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Game Info:

DriftForce
Developed By: Greyish Games
Published By: Greyish Games
Released: April 16, 2019
Available On: Windows
Genre: Endless racer
ESRB Rating: N/A
Number of Players: Single-player
Price: $5

DriftForce is a zero-gravity infinite runner that requires tight precision and careful maneuvers. Greyish Games’ debut title is exactly what I wanted it to be – simple, tight, and addictive. I tend to not go out of my way to play through games that don’t do much that’s new or interesting, but DriftForce executes the infinite runner formula better than most PC runners I’ve played.

The core appeal, or core problem, with DriftForce is the vehicle itself. You control an anti-gravity ship that naturally slips and slides as if it’s on ice since it uses powerful boosters to maneuver. Learning how to drive arguably makes up the major part of the game’s difficulty. It takes a complex control scheme requiring both analog sticks on a controller to smoothly turn corners and dodge obstacles. The left analog is your standard movement that pushes the ship to drift right or left, and the right analog lets you make subtle strafing movements. You have no control over the speed of the ship aside from a boost button and a lack of brakes. Mastering the controls is challenging yet very satisfying.

DriftForce
Highlights:

Strong Points: Impressive visuals; addicting gameplay; great game feel
Weak Points: Repetitive soundtrack; occasional poor obstacle placement; can get repetitive
Moral Warnings: Ship explodes into pieces when crashing

The goal of the game is to get as far as possible in either a randomly generated map or a choice of 9 preset maps. There are two different types of orbs scattered throughout each track: a yellow orb that gives you 500 points and a green orb that fills up your boost meter and gives you 1000 points. Simply surviving for a long time will not get you any score, and your only means of boosting your score is by collecting these orbs. They are often placed in locations that are risky to get to; where making a mistake usually leads to an explosive death.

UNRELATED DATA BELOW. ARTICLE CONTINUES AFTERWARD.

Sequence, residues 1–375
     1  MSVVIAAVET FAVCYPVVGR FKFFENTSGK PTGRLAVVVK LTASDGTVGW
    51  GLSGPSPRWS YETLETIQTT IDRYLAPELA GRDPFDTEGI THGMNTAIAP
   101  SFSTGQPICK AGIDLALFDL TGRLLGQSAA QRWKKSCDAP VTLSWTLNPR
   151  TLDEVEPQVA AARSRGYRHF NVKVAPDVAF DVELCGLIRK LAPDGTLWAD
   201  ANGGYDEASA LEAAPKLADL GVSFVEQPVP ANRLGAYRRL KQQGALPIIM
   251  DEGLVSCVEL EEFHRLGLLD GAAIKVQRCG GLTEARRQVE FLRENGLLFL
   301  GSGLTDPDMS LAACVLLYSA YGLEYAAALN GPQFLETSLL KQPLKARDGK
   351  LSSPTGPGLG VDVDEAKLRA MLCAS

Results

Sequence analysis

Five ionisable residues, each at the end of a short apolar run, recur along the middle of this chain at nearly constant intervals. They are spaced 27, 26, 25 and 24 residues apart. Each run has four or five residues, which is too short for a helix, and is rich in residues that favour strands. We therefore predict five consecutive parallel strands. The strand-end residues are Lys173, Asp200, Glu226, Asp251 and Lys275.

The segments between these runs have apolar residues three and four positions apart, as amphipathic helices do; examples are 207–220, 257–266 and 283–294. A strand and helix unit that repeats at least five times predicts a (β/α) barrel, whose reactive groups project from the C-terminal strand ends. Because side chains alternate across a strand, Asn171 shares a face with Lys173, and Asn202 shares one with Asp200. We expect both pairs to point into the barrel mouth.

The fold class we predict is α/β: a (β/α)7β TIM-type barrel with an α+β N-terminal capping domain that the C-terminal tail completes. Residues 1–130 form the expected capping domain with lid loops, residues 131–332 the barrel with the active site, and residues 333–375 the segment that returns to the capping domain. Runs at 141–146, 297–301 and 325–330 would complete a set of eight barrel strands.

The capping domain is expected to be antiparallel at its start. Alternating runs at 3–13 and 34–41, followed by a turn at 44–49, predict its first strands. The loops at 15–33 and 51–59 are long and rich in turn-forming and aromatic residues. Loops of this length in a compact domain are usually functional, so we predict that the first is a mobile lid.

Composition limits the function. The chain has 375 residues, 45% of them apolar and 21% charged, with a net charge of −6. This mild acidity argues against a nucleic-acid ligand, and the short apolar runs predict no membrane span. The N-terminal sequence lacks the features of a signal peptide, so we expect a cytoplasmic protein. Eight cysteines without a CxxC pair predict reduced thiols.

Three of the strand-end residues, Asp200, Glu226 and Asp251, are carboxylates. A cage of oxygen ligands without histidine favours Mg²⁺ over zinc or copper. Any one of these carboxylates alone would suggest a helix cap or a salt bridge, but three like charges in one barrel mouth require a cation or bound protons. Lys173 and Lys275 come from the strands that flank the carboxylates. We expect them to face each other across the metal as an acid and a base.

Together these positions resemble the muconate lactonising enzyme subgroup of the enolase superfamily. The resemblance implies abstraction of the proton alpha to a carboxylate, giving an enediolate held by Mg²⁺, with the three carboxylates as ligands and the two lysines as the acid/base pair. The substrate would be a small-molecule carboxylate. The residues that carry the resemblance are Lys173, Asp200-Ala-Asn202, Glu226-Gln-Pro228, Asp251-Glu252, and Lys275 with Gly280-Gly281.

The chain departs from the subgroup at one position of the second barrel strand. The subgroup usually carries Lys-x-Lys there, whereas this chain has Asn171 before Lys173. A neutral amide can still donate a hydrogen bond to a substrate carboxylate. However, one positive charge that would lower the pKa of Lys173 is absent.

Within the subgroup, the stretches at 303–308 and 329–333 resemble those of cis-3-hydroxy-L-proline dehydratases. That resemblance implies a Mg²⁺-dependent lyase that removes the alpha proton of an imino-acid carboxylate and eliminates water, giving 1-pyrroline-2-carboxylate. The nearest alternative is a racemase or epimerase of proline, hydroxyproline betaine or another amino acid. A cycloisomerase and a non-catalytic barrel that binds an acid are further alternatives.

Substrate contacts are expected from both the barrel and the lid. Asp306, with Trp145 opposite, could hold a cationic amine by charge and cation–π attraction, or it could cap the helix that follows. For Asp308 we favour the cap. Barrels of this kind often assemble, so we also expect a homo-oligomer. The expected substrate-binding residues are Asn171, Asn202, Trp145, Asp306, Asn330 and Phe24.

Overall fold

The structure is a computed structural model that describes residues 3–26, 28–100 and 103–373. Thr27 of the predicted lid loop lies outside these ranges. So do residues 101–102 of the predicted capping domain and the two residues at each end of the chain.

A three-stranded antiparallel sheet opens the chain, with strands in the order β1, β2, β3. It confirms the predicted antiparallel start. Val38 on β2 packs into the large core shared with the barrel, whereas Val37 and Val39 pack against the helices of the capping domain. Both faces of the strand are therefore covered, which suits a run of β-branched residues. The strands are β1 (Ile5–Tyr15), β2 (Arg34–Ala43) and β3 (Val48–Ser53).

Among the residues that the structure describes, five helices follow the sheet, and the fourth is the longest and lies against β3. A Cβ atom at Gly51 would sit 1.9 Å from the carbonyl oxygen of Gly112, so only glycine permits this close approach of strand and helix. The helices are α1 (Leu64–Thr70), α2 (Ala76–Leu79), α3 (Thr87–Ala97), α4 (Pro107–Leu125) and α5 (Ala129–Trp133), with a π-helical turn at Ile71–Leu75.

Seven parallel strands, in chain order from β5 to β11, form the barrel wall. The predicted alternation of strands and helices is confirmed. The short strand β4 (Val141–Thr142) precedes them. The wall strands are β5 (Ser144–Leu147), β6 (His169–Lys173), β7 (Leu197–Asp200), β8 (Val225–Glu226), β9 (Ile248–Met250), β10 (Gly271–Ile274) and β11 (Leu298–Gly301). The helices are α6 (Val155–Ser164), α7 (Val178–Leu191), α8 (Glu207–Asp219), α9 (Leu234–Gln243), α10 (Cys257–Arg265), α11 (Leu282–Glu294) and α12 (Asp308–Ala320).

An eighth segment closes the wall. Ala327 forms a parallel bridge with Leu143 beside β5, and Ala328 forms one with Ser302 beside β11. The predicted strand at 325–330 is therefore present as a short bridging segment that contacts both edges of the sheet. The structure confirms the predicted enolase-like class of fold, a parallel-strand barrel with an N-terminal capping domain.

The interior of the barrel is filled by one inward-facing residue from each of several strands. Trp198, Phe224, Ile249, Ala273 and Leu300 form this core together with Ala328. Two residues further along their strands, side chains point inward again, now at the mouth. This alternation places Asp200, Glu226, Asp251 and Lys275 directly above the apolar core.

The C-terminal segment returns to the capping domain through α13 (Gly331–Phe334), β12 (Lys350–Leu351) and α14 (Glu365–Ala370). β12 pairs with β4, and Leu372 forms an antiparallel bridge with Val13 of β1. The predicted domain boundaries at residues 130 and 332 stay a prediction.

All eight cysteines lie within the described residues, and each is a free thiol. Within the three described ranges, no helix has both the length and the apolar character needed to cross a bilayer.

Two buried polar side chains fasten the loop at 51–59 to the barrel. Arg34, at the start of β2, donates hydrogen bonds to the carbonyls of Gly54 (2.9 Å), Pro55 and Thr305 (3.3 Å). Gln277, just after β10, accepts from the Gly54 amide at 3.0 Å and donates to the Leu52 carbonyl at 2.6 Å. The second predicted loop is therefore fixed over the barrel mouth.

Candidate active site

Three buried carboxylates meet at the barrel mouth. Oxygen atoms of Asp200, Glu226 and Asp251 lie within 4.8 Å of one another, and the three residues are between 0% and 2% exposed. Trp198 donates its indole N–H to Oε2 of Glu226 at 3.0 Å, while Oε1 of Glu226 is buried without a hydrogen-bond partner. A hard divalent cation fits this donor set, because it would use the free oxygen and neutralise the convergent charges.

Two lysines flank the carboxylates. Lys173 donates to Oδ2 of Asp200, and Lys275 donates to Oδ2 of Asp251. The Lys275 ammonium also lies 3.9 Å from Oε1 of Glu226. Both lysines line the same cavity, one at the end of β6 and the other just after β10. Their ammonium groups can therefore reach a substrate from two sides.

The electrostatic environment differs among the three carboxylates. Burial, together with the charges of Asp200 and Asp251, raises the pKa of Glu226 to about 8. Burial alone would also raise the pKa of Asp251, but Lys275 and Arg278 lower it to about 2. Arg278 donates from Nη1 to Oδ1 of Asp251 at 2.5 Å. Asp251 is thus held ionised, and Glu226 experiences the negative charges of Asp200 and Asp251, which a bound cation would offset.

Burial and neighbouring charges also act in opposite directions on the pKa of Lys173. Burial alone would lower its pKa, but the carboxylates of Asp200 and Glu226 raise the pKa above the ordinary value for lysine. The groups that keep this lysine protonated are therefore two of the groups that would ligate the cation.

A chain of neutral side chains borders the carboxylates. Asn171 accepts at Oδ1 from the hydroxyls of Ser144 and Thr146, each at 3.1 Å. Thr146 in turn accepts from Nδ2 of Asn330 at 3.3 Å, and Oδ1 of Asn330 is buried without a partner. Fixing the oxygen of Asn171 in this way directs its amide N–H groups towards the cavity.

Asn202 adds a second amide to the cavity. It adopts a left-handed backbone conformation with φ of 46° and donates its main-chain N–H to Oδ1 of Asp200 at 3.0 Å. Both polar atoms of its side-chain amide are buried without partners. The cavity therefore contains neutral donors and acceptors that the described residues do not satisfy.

The track design is built around precise movement. Blocks are placed all over the place with ramps in between and gates to go through. The margin for error gets increasingly tight as the road gets thinner and more filled with traps. One of my only issues with DriftForce is that despite using preset layouts stacked onto each other, there are many situations that don’t seem possible to sightread and prepare for. Sometimes I'd take a jump only to be met with a wall that I don’t have time to react to. Certain combinations of patterns make for extremely tight level design while other times I can get through an entire area without any issues. The sightread issue is mostly to do with the randomly generated modes, but it is plenty possible to at least memorize the seeded maps. DriftForce is brutal due to the track design combined with the ship movement.

DriftForce
Score Breakdown:
Higher is better
(10/10 is perfect)

Game Score - 86%
Gameplay - 16/20
Graphics - 10/10
Sound - 7/10
Stability - 5/5
Controls - 5/5

Morality Score - 98%
Violence - 9/10
Language - 10/10
Sexual Content - 10/10
Occult/Supernatural - 10/10
Cultural/Moral/Ethical - 10/10

The gameplay loop is incredibly addicting with each attempt only lasting 5-10 minutes (world record runs last a little over 11 minutes). Unfortunately, the game can get very repetitive and you’ll be seeing a lot of the same track layouts over and over. The futuristic 3D landscapes you fly through look great and each zone has a distinct look. I love the sounds the ship makes and everything has weight to it. The music is lacking with only one song that is constantly played. I ended up turning the music off completely after a couple hours of play. The package this game is wrapped in makes it seem like this is much more than a simple infinite runner.

DriftForce is one of the most high-quality infinite runners I have played on PC despite the fact it doesn’t offer a whole lot in innovation. The content offered at the low price is perfect and aside from maybe more patterns to dodge through, there isn’t a whole lot more I could ask for.

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Evan

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Christ Centered Gamer looks at video games from two view points. We analyze games on a secular level which will break down a game based on its graphics, sound, stability and overall gaming experience. If you’re concerned about the family friendliness of a game, we have a separate moral score which looks at violence, language, sexual content, occult references and other ethical issues.

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